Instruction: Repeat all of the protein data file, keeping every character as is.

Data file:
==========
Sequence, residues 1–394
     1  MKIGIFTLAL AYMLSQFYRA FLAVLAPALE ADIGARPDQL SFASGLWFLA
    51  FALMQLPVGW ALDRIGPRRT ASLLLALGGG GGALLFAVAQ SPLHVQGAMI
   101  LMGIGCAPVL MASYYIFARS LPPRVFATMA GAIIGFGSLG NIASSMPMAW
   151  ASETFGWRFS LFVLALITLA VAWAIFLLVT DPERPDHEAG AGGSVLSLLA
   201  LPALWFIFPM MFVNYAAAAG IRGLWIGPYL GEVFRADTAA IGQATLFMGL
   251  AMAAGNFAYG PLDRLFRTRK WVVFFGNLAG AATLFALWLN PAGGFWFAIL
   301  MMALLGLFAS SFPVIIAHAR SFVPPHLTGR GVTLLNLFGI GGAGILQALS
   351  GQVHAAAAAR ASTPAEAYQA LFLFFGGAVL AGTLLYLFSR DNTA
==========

Sequence, residues 1–394
     1  MKIGIFTLAL AYMLSQFYRA FLAVLAPALE ADIGARPDQL SFASGLWFLA
    51  FALMQLPVGW ALDRIGPRRT ASLLLALGGG GGALLFAVAQ SPLHVQGAMI
   101  LMGIGCAPVL MASYYIFARS LPPRVFATMA GAIIGFGSLG NIASSMPMAW
   151  ASETFGWRFS LFVLALITLA VAWAIFLLVT DPERPDHEAG AGGSVLSLLA
   201  LPALWFIFPM MFVNYAAAAG IRGLWIGPYL GEVFRADTAA IGQATLFMGL
   251  AMAAGNFAYG PLDRLFRTRK WVVFFGNLAG AATLFALWLN PAGGFWFAIL
   301  MMALLGLFAS SFPVIIAHAR SFVPPHLTGR GVTLLNLFGI GGAGILQALS
   351  GQVHAAAAAR ASTPAEAYQA LFLFFGGAVL AGTLLYLFSR DNTA